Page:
Europe’s dark cloud: How coal-burning countries make their neighbours sick

Jul 22, 2016 | written by:

Coal-fired power station: how much they influence the health of European citizens? According to the report 'Europe’s dark cloud: how coal-burning countries make their neighbours sick' published by Health and Environment Alliance (HEAL), Climate Action Network (CAN) Europe, the WWF European Policy Office and Sandbag which analyses the health impacts from air pollution of 257 EU coal-fired power stations out of a total of 280, the answer is simple: a full coal phase-out in Europe would bring enormous benefits for all citizens across the continent because the harmful fine dust caused by coal plants travels across borders.

The study reveals that in 2013 the emissions of coal-fired power station were responsible for over 22,900 premature deaths, 10.000 of cases of ill-health from heart disease to bronchitis, and up to EUR 62.3 billion in health costs. The five EU countries whose coal power plants do the most harm abroad are Poland (causing 4,690 premature deaths), Germany (2,490), Romania (1,660), Bulgaria (1,390) and the UK (1,350) while the five countries most heavily impacted by coal pollution from neighbouring countries, in addition to that from their own plants are Germany (3,630 premature deaths), Italy (1,610), France (1,380), Greece (1,050) and Hungary (700).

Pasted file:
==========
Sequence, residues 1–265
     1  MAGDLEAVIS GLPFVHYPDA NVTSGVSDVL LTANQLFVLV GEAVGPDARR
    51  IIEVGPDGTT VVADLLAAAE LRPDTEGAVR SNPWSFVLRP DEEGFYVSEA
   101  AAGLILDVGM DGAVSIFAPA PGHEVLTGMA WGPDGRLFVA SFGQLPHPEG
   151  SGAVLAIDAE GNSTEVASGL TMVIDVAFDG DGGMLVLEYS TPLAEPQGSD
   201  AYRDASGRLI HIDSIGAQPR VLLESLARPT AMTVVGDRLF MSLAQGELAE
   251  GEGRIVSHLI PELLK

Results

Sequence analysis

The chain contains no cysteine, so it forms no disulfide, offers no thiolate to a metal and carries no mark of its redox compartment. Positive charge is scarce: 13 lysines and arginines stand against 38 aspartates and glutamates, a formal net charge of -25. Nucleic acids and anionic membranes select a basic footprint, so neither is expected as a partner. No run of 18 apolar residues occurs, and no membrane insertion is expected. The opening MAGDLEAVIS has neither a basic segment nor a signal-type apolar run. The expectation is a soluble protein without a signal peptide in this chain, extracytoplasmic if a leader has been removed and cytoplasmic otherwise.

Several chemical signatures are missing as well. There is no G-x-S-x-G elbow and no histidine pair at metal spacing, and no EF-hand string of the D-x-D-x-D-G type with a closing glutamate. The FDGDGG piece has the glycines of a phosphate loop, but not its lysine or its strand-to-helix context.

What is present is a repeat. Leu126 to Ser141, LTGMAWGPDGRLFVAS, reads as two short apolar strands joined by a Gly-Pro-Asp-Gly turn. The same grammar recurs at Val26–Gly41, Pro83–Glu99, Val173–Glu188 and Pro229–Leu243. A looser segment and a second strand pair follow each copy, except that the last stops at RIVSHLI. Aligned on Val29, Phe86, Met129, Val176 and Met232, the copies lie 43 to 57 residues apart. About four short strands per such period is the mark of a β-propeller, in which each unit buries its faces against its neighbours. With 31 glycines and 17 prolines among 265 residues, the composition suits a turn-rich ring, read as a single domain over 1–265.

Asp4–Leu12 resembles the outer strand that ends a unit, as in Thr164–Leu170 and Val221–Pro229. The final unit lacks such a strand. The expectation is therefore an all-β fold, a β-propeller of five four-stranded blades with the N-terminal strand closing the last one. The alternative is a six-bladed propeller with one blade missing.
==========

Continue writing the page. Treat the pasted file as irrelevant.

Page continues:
A truly catastrophic situation, but with room for improvement: the UK planned phase-out of coal by 2025 could save up to 2,870 lives every year, more than 1,300 of them in continental Europe and if Germany decides to phase out coal, it could avoid more than 1,860 premature deaths domestically and almost 2,500 abroad every year. The combustion of coal not only adversely affect human health, but also poses a threat to the planet's climate because of the large emissions of greenhouse gases and in the report is drawn up the list of the 'dirty thirties', ie the 30 most polluting power stations, which include two Italian stations which rank respectively eighth and twelfth: the Federico II power station of Brindisi in Puglia and the Torrevaldaliga Nord power station in Lazio.

Air pollution is responsible for millions of deaths worldwide and reducing the use of fossil fuels and shifting to renewable energy provides a unique opportunity to improve air quality and mitigate climate change.



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